Each of the ethnically mixed communities which had existed on the old borders of Poland and Lower Silesia bore the brunt of the first days of the Nazi invasion of Poland; which commenced on 1 September 1939. The defence of the border lands were inevitably inadequate to withstand the Nazi war machine and within a few days the whole area was overwhelmed. In consequence many of the small towns and villages were partly or completely destroyed and thousands of people were made homeless. This was, as we now know, a precursor to the harrowing decimation and ultimately complete annihilation of communities throughout the region.However, perhaps because of its fairly isolated location, Osjaków remained relatively unscathed, which left the village available for the Nazis to use as their gendamerie headquarters from where they undertook to persecute the whole Polish community (Jewish and Christian) of both the village and the surrounding area of towns and villages; an area which had been incorporated into the German Reich.
Of a total population of 13,438 people living in the general municipal area which included Osjaków, 737 (5.48% of the population) were Jewish. The vast majority (674) were residents of Osjaków; who were mostly engaged in trade and crafts. The Nazi authorities immediately issued several decrees against the Jewish population including banning them from trading and requiring them to wear the distinctive yellow star. The Nazis then began the process of implementing a plan to expel the indigenous Jewish population as part of their overall Warthegau Plan to ‘Aryanize’ this region through the removal of both Polish Jews and Christians; in preparation for the region’s annexation into the Nazi German Reich. The local implementation of the plan required the Jews of Osjaków to be concentrated into a ghetto and then deported to what was called the General Government area to the east of Lódz.After the Nazis occupied Osjaków (September 1939), a portion of the indigenous Jewish community either left the town or were expelled to other places. During the first days of the occupation, the rabbi of Osjaków arrived in Piotrków Trybunalski, and on Rosh Hashanah 5740 he was imprisoned along with a group of Jews by the Nazi authorities. After the Germans tortured them, they sent them in a truck to an unknown destination.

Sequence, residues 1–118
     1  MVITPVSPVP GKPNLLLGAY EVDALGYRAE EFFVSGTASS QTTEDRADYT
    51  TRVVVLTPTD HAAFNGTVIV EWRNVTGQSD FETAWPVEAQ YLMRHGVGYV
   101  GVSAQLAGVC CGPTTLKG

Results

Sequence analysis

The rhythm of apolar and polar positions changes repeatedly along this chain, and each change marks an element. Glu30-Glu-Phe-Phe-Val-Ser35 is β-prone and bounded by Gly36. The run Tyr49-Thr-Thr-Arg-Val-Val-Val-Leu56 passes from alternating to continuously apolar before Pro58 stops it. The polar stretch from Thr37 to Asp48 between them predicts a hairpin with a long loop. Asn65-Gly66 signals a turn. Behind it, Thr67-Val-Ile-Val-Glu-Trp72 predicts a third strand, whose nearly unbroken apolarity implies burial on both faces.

Imprisonment and Liquidation
More or less immediately, a Judenrat (Nazi imposed Jewish Council) was established in Osjaków at the command of the authorities. At the end of October 1939, there were about 600 Jews remaining in the village. In 1940/41, they were gradually evicted from their homes and concentrated into the ghetto in the town. From the ghetto, a portion of them were sent to slave labour camps, and it is almost certain that some Jews of Osjaków were sent to the ghetto at Belchatów.For the next period, whilst the Nazi Reich ‘readjusted’ it plans - the Jewish community of Osjaków - in common with other communities in the region - remained oppressed prisoners of the Nazis.In 1942, approximately 500 Jews, who were uprooted from nearby municipality of Kielczyglów, were transferred to Osjaków. This act of concentration was one of the preparations for the final destruction of the Jews in Wieluń county. According to information contained in the Kielczyglów website, members of the Polish community from Kielczyglów gathered food and brought it to Osjaków. However, the Nazis did not allow the Jewish prisoners to receive the food and the Poles who had taken the it to Osjaków were beaten.
A Shared Life and a Shared Fate
In the middle of August 1942, the Nazi Authorities closed the village church in Osjaków and forced the Jewish men women and children into the church where they remained for several days without food. Those who were most fit were chosen for slave labour and sent to the Lódz ghetto, and the remainder of the Jews were deported to the Chelmno death camp. At this same time the Nazi Authorities also began their anti Polish activities of selective imprisoning, murder and deportation. Having closed the town school and town church (its use was prohibited to the local population for the duration of the war) the parish priests were deported to Dachau concentration camp, several tens of local Polish people were executed and several hundred Poles sent into slave labour.The memory of the former Jewish community is remembered in a number of ways; in the memorial to the victims of Nazi terror which is in the centre of the village (representing the whole of the former community of Osjaków); in the Jewish cemeterywith a few remaining matzevot (gravestones) and, most importantly, in its synagogue building.
A photograph taken in August 1942 of the transportation of Jewish people from Osjaków (possibly including people originally from the Jewish communities of Kielczyglów and Działoszyn) to the death camp at Chelmno - photograph courtesy of the Wielun Museum.
A photograph of the memorial to the Jewish victims of the Shoah from the Wielun region of Poland - including Osjaków - in the cemetery of Kiryat Shaul, Tel Aviv, Israel.
SourcesOsjaków - The Encyclopaedia of Jewish Communities in Poland, Volume I (Poland) - Pinkas Hakehillot Polin - Translated by Morris WirthThe Osjaków Information website.AP [Archiwum Panstwowe] Lódz: Piotrkowski Urzad Wloscianski 106.Y Goldberg, A. Wien, "The Book of the Community of Dzialoszyn" in "Pages of History"1966, volume 16, pages 159, 161-162, 170-171."The Book of Kalisz", Tel Aviv 1967, volume 2, page 574."Di Zeit", 1931, issue 35.
Part of a photograph taken circa 1939 at a patriotic Polish homeland ceremony in Osjaków showing members of the orthodox Jewish community in attendance alongside their fellow villagers (see gallery for main photo).